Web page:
The chief executive of Rio Tinto’s Aluminium product group Alf Barrios recently spoke about the future of his company’s bauxite and aluminium operations. Although frank about the problems in the sector last year, Barrios was upbeat about the current status and future outlook for aluminium and its precursor ore.
Barrios admitted that 2015 was a historically poor year for the aluminium trade. “But that’s the short-term picture, and if you look more broadly at the commodities sector in the medium to longer term, aluminium is one of the fastest-growing metals,” he said. “Demand is expected to grow at about four per cent per year, providing a very strong outlook for the future.”
He went on to describe the state of aluminium today and its longer-term outlook. “At the moment, we are facing high inventory levels and a slight supply imbalance. But as that new growth comes through, inventories will come down to more historical levels, thereby increasing the need for more supply. We see the pricing outlook improving later in this decade and into the next.”
When asked about the future of the bauxite trade, Barrios differentiated it from the troubles in the aluminium sector. “The market challenges we’re experiencing are mainly affecting aluminium and alumina. Bauxite is a different story, and demand is continuing to grow rapidly. Future growth is expected to be even higher than the four per cent per annum we forecast for aluminium, mainly due to demand from China.”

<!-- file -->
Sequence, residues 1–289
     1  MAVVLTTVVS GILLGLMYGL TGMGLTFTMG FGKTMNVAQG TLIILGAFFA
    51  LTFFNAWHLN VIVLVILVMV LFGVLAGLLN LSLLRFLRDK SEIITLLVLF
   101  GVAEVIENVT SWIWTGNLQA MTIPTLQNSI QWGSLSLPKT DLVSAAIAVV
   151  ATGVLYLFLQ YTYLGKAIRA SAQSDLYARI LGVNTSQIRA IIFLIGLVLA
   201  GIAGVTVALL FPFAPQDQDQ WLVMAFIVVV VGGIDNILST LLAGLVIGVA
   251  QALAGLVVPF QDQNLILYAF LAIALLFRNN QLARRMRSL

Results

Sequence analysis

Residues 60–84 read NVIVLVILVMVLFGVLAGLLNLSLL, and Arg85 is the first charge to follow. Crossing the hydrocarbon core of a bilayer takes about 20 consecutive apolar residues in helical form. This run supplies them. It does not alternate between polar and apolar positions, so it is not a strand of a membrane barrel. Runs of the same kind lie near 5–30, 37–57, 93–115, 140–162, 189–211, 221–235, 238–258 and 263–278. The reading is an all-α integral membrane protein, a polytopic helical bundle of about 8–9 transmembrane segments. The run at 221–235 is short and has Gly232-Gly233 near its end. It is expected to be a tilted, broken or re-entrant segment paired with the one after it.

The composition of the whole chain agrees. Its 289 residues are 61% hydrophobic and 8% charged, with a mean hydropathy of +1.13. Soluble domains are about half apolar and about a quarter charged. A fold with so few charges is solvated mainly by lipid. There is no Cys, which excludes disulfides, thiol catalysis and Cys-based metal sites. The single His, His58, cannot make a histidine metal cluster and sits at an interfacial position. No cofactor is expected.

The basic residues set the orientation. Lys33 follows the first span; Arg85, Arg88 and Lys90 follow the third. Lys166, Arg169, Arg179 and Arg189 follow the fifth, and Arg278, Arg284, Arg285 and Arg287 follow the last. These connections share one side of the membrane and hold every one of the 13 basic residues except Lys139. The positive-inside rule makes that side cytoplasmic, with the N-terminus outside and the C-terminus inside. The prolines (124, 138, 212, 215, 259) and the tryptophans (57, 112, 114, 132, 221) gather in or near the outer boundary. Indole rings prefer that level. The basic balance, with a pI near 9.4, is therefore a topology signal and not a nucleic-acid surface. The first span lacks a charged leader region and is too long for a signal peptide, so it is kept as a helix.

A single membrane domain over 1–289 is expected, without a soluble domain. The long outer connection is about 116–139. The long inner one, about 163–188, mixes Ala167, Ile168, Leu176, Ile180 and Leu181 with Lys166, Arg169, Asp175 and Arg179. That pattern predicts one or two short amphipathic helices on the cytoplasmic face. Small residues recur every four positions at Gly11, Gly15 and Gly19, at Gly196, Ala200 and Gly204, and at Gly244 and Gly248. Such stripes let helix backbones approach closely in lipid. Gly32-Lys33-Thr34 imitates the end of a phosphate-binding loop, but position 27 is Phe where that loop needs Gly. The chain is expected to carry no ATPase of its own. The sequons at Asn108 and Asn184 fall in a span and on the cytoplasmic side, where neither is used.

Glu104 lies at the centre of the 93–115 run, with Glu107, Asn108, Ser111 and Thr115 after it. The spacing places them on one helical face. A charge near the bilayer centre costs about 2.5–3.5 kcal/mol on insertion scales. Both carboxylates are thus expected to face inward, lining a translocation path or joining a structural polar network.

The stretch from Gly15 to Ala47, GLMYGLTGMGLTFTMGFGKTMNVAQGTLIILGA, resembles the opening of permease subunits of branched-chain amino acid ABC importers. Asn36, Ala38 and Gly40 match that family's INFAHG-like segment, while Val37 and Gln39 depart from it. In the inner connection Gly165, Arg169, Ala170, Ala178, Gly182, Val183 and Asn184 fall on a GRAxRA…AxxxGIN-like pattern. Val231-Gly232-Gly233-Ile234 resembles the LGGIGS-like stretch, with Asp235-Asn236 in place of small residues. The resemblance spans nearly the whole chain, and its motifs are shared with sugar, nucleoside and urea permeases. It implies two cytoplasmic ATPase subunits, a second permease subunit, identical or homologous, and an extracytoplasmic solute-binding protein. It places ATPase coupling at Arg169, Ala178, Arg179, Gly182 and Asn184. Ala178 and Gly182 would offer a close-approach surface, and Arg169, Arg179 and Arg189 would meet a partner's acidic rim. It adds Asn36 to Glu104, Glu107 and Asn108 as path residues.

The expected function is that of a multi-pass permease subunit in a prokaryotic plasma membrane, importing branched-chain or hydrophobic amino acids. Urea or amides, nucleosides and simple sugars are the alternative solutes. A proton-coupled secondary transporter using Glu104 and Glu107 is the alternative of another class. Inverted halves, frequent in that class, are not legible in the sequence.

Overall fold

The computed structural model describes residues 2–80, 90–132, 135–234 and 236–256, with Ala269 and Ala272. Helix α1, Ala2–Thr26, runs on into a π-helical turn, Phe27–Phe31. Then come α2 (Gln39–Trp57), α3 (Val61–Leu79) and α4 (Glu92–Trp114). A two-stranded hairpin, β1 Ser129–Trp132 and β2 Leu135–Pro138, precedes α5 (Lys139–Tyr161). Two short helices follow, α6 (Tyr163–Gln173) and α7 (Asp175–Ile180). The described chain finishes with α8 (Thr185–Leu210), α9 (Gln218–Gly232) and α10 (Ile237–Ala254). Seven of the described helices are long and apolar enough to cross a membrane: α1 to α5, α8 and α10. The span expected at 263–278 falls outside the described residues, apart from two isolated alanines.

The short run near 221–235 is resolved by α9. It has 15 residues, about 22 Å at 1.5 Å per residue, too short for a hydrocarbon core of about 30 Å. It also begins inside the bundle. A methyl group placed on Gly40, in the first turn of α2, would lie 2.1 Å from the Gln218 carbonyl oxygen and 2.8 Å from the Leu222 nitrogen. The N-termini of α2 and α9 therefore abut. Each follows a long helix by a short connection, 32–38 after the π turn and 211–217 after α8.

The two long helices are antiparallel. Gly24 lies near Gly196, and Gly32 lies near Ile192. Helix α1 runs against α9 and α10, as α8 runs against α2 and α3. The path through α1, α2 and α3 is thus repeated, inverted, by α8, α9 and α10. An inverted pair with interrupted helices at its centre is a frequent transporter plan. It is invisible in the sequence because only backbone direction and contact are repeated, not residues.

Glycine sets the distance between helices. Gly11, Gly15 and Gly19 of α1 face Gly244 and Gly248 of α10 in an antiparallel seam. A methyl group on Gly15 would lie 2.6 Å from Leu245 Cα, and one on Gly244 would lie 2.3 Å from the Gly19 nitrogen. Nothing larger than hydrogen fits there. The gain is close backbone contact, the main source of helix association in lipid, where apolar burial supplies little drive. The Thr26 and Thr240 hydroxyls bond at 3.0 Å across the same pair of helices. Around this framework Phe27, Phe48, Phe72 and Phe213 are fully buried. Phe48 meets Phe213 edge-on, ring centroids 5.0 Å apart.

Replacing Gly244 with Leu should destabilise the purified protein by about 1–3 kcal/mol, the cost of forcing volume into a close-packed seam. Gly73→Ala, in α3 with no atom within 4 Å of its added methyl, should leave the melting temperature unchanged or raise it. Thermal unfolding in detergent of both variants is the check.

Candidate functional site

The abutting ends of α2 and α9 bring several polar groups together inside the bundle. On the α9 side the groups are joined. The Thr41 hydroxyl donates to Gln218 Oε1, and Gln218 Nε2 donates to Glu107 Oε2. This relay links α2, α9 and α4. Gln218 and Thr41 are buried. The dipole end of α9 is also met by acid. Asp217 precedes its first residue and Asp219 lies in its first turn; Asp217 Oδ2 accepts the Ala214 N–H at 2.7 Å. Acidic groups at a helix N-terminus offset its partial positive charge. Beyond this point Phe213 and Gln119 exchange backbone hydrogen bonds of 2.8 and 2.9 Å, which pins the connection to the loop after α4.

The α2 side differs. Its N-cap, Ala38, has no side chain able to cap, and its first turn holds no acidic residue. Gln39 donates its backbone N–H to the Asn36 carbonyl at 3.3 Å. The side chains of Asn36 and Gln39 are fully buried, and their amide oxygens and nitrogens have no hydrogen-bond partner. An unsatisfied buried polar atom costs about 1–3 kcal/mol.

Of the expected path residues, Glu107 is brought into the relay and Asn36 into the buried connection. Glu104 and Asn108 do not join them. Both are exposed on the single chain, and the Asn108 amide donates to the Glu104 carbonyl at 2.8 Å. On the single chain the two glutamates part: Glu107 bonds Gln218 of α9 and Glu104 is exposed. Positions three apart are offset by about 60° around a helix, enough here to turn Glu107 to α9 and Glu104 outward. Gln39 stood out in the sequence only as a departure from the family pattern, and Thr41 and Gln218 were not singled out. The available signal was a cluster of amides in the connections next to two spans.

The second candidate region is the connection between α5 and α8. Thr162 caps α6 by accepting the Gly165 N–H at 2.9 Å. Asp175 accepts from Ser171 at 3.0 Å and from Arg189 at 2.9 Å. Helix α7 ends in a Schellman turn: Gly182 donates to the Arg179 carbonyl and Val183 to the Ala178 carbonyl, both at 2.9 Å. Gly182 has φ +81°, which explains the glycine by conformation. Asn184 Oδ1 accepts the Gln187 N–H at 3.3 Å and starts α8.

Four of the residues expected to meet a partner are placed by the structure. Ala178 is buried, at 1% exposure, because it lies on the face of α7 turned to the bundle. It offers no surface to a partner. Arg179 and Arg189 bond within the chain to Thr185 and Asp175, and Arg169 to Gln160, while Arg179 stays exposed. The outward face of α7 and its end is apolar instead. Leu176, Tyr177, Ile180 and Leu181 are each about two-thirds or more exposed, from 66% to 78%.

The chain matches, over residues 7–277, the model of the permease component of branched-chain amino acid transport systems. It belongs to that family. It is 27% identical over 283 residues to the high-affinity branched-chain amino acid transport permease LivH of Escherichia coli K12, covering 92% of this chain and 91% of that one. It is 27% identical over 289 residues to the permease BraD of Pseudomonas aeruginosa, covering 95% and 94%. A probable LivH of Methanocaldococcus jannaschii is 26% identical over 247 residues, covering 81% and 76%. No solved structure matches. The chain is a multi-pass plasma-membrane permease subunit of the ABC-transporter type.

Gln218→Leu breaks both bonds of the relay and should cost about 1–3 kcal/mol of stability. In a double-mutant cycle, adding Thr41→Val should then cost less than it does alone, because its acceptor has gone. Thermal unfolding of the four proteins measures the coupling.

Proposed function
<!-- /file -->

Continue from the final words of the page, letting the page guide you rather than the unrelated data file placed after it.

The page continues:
To Barrios, the People’s Republic of China is the key to a profitable bauxite trade. “China has been expanding its aluminium smelting and alumina refinery capacity tremendously for the past ten to 15 years. We’re expecting that it will continue to aim for self-sufficiency in both products and thus increase production to meet its internal demand growth. However, China’s own bauxite resources are limited and the quality is deteriorating, and so it is increasingly looking to import from sources that are sustainable and reliable in terms of quantity and quality. China’s bauxite imports grew from just 2.2 million tonnes in 2005 to 50 million tonnes last year. Rio Tinto has become the largest single player in that market, providing about a third of the country’s imports.”
“China’s bauxite demand growth is forecast to be significant over the next 15 years, and it is something we are very keen to capture,” he concluded.